Jobs created outside a business but then depend on it for their existence.
What is inertia?
An inability to mov because of high cost of relocation.
What is accessibility?
The ease with which people can travel to a place.
What do national parks aim to do?
Conserve and enhance the natural beauty of the area.
Help the economic and social well-being of their communities.
Promote the understanding and enjoyment of the National Park by visitors.
What is a honeypot site?
A place that attracts huge numbers of visitors.
What is carrying capacity?
The number of visitors a place can cope with without suffering serious damage.
What disadvantages do visitors to honeypot sites cause?
Disturbance to animals.
Conflict over roaming rights.
What advantages do visitors to honeypot sites cause?
Farmers sell produce locally.
Increased education of visitors.
Tourists use local shops and facilities.
Visitors provide employment for local people.
What two main ways can we restore damaged footpaths?
Stone pitching- this involves digging large local stone into the ground to form solid footpaths.
Sub-soiling- this uses a digging machine to create a ditch. The sub-soil from the ditch produces solid, hard-wearing walking surface. A specialised grass-seed mix is then sown.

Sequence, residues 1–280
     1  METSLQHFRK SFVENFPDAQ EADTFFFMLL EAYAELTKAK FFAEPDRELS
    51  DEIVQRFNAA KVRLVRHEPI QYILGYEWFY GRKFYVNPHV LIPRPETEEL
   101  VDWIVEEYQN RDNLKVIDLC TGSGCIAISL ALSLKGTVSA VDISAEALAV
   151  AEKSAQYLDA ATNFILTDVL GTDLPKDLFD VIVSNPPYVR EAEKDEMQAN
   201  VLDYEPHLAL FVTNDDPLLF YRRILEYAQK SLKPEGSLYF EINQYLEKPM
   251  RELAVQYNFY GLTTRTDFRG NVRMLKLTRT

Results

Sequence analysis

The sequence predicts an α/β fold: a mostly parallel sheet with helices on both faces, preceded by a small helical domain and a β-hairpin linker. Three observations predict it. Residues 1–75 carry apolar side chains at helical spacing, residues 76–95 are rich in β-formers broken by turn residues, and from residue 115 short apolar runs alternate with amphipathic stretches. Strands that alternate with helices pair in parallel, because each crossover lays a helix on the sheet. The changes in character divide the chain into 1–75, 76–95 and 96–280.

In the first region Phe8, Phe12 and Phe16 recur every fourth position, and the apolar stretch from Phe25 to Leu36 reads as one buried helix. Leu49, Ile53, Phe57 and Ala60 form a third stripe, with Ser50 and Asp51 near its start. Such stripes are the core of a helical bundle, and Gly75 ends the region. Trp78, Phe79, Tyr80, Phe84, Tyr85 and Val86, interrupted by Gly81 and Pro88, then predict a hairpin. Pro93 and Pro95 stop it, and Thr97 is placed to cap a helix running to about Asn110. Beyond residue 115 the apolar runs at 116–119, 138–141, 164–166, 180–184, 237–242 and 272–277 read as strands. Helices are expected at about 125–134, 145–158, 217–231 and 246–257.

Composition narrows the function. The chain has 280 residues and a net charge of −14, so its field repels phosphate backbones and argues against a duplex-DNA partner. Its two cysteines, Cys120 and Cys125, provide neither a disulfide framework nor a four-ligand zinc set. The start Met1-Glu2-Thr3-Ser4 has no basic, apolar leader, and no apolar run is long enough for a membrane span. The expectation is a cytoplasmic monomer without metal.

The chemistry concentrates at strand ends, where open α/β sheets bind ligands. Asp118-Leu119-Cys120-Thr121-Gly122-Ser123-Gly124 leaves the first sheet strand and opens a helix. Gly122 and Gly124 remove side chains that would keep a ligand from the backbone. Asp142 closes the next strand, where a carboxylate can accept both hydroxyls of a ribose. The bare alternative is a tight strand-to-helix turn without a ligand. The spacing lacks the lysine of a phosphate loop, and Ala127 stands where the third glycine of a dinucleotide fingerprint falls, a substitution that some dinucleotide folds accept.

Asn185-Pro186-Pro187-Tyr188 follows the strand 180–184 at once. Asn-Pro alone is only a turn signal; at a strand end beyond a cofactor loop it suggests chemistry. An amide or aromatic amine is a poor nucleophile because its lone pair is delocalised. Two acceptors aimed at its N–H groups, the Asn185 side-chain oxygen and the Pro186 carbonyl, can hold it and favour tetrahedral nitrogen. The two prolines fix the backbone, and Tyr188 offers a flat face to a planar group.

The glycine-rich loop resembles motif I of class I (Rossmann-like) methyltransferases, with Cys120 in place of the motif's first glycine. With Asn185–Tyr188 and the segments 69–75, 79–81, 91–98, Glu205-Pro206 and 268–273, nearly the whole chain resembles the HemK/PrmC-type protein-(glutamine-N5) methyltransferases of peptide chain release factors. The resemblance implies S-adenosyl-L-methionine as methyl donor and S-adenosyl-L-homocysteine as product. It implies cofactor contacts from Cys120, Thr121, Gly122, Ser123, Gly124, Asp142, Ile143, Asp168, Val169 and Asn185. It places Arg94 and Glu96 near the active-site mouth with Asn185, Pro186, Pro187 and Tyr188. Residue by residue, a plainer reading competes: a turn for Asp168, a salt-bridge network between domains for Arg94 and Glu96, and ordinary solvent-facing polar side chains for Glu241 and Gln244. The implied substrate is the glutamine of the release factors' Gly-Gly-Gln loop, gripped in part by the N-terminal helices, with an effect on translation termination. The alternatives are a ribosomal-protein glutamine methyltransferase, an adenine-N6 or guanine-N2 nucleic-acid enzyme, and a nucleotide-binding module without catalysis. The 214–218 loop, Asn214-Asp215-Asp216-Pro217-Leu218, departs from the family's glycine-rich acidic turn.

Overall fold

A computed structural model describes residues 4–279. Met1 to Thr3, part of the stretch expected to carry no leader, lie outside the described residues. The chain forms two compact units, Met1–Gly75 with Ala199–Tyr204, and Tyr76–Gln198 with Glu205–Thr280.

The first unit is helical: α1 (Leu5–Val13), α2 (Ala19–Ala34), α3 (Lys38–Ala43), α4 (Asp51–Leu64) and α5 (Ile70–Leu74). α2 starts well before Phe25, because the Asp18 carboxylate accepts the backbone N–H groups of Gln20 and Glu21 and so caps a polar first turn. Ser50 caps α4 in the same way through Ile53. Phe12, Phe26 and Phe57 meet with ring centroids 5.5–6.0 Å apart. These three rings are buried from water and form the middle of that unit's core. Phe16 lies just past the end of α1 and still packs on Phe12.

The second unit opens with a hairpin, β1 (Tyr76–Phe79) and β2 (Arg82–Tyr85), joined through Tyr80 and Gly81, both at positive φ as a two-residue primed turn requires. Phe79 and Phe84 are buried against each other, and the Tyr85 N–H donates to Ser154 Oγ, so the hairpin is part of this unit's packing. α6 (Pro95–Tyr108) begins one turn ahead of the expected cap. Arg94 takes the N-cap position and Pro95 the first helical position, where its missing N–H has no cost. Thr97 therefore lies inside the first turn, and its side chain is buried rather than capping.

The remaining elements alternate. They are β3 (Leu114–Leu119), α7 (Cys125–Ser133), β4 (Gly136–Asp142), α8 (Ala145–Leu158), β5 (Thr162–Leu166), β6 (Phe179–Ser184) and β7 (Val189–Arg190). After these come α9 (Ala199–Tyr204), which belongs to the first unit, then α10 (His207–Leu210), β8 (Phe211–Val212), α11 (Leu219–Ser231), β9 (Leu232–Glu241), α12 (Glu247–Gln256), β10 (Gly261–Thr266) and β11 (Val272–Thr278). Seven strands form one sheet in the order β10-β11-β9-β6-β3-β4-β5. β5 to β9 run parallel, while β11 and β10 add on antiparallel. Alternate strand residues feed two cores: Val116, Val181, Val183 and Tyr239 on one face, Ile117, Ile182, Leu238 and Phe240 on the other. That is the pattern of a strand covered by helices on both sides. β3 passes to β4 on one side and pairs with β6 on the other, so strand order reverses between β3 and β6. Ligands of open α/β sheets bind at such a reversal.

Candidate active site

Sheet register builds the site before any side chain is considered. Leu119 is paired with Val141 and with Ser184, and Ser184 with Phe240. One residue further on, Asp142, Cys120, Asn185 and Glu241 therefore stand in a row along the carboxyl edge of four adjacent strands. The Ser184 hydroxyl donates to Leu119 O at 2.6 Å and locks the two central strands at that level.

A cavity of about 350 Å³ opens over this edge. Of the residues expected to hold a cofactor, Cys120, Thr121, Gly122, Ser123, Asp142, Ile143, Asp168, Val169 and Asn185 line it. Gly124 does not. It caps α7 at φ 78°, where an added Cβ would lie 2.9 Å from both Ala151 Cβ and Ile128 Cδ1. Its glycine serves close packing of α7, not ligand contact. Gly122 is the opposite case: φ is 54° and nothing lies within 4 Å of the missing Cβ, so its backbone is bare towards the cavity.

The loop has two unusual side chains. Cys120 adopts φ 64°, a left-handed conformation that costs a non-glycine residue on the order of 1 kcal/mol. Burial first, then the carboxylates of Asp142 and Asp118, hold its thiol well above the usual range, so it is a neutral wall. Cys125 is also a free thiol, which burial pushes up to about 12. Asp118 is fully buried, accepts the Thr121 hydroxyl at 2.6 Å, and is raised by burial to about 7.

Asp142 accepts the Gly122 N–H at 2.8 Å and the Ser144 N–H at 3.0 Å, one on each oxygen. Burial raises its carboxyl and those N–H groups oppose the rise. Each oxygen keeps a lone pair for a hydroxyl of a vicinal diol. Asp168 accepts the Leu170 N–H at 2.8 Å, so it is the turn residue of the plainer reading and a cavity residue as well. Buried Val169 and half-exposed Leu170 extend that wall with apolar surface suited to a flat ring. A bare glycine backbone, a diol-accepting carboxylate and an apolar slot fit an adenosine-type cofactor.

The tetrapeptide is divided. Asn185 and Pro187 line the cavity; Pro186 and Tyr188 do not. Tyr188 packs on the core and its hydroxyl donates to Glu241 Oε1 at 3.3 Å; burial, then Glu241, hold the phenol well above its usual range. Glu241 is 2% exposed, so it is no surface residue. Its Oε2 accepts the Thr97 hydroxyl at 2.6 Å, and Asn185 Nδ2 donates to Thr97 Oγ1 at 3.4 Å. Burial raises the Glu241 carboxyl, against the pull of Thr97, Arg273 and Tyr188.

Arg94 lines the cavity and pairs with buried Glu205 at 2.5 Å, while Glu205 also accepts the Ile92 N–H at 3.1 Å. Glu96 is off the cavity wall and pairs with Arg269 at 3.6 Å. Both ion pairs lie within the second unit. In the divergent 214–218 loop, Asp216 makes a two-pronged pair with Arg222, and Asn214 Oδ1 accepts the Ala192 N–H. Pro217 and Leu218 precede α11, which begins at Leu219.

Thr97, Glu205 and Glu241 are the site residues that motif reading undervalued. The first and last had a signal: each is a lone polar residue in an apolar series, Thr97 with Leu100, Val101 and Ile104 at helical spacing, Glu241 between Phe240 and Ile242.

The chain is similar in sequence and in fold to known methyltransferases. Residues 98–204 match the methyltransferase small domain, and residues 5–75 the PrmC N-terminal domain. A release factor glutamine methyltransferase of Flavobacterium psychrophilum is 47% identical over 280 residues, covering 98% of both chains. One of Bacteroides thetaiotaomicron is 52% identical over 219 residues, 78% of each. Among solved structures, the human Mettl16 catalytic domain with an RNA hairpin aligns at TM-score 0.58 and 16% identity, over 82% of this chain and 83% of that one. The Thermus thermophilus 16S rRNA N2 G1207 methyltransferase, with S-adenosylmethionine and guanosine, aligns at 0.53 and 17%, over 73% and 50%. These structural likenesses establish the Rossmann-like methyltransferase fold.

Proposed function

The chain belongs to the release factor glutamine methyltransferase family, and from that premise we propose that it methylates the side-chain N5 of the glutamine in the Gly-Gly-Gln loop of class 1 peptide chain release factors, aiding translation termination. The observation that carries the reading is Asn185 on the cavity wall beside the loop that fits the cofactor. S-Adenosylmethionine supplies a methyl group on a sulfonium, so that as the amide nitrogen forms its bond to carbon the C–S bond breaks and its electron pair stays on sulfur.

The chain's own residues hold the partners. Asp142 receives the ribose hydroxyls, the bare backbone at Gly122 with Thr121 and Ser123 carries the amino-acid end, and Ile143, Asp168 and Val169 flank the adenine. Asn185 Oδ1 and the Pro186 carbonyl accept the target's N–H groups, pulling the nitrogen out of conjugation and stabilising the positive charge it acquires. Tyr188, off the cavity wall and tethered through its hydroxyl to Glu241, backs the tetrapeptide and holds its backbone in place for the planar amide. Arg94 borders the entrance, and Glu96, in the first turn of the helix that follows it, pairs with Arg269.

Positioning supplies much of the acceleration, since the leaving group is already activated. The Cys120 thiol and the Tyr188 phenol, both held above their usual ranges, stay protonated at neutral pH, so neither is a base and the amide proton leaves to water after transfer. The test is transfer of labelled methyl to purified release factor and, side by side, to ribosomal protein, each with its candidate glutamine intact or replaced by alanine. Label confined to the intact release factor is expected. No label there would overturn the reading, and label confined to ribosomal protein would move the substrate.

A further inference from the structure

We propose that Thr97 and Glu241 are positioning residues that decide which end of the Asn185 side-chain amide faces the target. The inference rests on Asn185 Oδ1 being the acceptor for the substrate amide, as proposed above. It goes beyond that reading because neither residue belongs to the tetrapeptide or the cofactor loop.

What are the advantages and disadvantages of stone pitching?
Hard wearing and low maintenance.
Traditional technique using natural materials.
Blends well into the surroundings.
Suitable on steep gradients.
Requires skilled craft people.
Stone is in short supply.
Can be uncomfortable to walk on.
Expensive at more than £100 per metre.
What are the advantages and disadvantages of sub-soiling?
Hard wearing and low maintenance.
No transport of materials is needed.
Blends very well into surroundings.
Comfortable to walk on.
Requires experienced and skilled workers.
Difficult access for digger
Can take several growing seasons to regrow.
Difficult to use on paths of over 15 degrees slope.
What is infrastructure?
The basic services needed by a society such as water supply, sewage disposal, transport and other communication.
What is the criteria for a global city?
What is globalisation?
The process by which places become more worldwide connected economically, socially, politically or culturally.
What are examples of business activity?
Headquarters of global services firms
Capital markets value
Number of international conferences
Value of goods through ports and airports.
What are examples of a human capital?